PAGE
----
December 5, 2013

Moving Past Labeling Food (Part One)

Moving Past Labeling Food

Over the years I’ve had a lot of clients ask me how many carbs or grams of protein they should have in a meal. It’s a popular way of thinking, to label food as a “carb,” “fat,” “protein,” or the dreaded “fattening” (super popular in my household growing up, more about it in Part II). We’ve been conditioned to think this is how we should be thinking about our food.

How would you feel if you didn’t have to label your food? If you didn’t have to look down at your plate and say, “I have a protein, carb, and fat on my plate, so it must be a balanced meal”?

Mentally it’s a much healthier approach to look at food for what it really does for your body, which goes beyond “carb,” “fats,” and “protein.” It’s more about source, quality, and nutrient density.

What do I mean exactly?

Food choices should be rooted in real, whole foods.

Incorporate as many foods in their original form as you can – think grain quinoa over a bread made with quinoa flour. And yes, this does mean staying to the outer aisles of a typical grocery store on your shopping trips. If you are looking at your plate and you have a piece of fried chicken, some chips, and a piece of of cheesecake, you have a protein, a fat, and a carb, but does that sound like a well balanced meal? Obviously not! That meal would have you feeling pretty sluggish and bloated afterwards. Your body knows what to do with real food, it doesn’t understand processed food. (Tweet that!)

Start to shift your thoughts about what’s on your plate.

Instead of labeling your food, think about where the items on your plate came from? How was it made? What was it cooked with? Did your food come from the earth, or did it come in a package? Was it cooked in a ton of poor quality oil or shortening (yes this still exists in many, many restaurants), or was it steamed, roasted or cooking in grass fed butter? (Yes! I said butter!) These are the important points to think about when you make the commitment to eat wholly healthy.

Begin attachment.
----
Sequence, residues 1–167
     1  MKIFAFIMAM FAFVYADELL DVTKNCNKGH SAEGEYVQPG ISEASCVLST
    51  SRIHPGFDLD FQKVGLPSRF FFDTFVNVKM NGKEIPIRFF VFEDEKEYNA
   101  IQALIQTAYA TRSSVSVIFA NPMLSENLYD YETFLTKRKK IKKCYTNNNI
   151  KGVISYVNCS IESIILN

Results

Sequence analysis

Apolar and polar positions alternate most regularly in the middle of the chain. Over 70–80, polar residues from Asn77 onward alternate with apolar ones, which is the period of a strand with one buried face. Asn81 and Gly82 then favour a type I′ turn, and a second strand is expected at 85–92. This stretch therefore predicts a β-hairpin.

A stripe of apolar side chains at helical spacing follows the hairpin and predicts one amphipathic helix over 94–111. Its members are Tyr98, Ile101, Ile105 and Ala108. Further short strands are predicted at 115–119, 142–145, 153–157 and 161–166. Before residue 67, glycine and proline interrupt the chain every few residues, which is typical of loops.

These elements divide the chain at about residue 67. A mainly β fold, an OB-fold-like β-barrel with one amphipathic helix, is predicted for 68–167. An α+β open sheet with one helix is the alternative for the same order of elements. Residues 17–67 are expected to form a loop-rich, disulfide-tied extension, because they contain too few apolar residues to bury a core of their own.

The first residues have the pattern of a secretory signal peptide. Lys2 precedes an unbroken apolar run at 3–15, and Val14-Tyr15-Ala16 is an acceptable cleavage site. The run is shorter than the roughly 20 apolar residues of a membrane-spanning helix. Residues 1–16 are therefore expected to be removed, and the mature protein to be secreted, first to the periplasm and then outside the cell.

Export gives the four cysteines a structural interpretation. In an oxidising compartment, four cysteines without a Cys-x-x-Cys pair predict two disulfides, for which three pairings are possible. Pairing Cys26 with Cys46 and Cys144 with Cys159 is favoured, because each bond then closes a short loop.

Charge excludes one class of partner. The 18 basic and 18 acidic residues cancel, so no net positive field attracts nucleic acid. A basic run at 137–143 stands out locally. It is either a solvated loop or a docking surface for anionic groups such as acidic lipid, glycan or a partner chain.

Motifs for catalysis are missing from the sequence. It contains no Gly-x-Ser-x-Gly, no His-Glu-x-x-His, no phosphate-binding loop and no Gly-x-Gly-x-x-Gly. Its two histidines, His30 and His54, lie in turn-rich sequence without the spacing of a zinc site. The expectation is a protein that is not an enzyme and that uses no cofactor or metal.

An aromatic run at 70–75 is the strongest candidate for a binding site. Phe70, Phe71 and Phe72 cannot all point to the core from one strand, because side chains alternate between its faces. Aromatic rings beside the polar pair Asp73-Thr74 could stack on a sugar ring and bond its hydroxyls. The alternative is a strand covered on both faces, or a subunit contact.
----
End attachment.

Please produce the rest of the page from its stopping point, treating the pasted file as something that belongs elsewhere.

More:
Concentrate on the benefits of what you’re eating.

Are you eating a wide variety of colors? In addition to your tried and true staples are you adding in some new produce you’ve never had before? Our bodies are designed to eat a variety of foods gathering all the vitamins and minerals it needs from a variety of sources. Had kale and spinach last week? Try bok choy, swiss chard and/or collard greens this week instead. Eating a variety of fruits and vegetables ensures we don’t get bored, and we are maximizing nutrient absorption.

I’ve recently put myself on a few to no processed foods “diet” and personally, it’s the easiest way of eating I’ve ever followed. Instead of a bar, I reach for whole carrots, or Persian cucumbers. Instead of delivery, I defrost one of my homemade soups from my freezer, add a few handfuls of kale and a poached egg on top. All of these options take the same amount of time. It’s just about how you choose to think about your food. Without the “carbs” and “fat” labels it makes it much easier to make small changes that pack a powerful positive result.

Now I want to hear from you. How do you typically think about your food? Is shifting your focus to nutrient density and quality an easy or challenging change for you? Let me know in the comments below! And don’t forget to check out Part II.

[Editor’s Note 08/2015: This post appeared as part of a Summer Series. Get the full recap.]

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